Lobotomy of police-handled phlebotomies
Who wants police to be permitted to pin down a drunk driving suspect to draw blood? What medical professional in his or her right mind would agree to draw the pinned-down suspect’s blood? Then again, will some police just take the lobotomized route of skipping the phlebotomist entirely, and draw the blood themselves? Not if such judges as Pima County Superior Court Judge Richard S. Fields are presiding. Judge Fields recently wrote that blood draws “carried out in roadside situations with poor lighting and in less than sanitary conditions” present “an unreasonable risk of infection and injury.” Of course, the prosecution says it plans to appeal, which is another reason I am happy that I have never prosecuted.
Then again, will law enforcement agencies get their cops certified as phlebotomists? That is what the Utah Highway Patrol did with its troopers, to save the time and $50 per blood draw of calling in a medical technician. As blogger Lawrence Taylor aptly points out: “Ignoring the pain, injury and infection aspects for the moment, bear in mind that the blood must be taken from a vein, not an artery (which has a higher blood-alcohol concentration); the skin must be swabbed with an approved antiseptic (not isopropyl alcohol, which can raise the blood-alcohol concentration); the correct amount must be taken, with no contamination from the officer; it must be placed in a sterile and sealed vial; an approved preservative in the correct amount must be added and mixed in (to prevent fermentation, which increases BAC); an anti-coagulant (to prevent clotting, which increases BAC) must also be added, again in the correct amounts.”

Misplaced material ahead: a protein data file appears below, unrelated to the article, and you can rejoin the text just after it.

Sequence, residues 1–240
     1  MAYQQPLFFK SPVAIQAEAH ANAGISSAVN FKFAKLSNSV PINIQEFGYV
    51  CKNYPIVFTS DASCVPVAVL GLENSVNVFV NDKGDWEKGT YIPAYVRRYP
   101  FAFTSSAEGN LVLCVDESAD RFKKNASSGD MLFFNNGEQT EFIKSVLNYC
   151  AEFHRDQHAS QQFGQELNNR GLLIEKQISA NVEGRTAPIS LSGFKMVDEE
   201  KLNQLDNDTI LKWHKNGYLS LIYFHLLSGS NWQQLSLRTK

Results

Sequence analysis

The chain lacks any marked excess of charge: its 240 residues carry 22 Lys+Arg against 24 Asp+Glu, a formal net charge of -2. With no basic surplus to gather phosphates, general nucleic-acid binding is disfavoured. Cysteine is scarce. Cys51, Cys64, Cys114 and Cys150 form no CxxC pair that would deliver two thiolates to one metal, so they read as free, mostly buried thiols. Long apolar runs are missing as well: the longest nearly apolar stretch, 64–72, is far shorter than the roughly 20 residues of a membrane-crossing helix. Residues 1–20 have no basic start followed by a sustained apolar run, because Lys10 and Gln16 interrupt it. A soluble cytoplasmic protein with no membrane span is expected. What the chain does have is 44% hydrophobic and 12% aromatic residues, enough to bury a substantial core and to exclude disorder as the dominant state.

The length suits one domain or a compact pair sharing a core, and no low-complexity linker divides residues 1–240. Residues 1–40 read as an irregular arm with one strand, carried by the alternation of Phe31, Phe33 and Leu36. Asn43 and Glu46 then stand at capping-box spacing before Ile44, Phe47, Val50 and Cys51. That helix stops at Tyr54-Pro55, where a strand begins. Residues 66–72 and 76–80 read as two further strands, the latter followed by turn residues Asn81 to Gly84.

If a drunk driving suspect is going to be coerced or forced into submitting to a blood test, the least the powers that be can do is to provide the suspect at least some comfort, confidence and dignity by providing an experienced medical technician for the blood-drawing, rather than to have it done by a handgun-toting cop who claims to be certified in the procedure.
All of this Orwellian forced blood drawing comes to you thanks to the 5-4 decision in Schmerber v. California, 384 U.S. 757 (1966) (finding no Constitutional violation from a non-consensual blood draw), which, sadly, was penned by my otherwise hero Justice Brennan. Jon Katz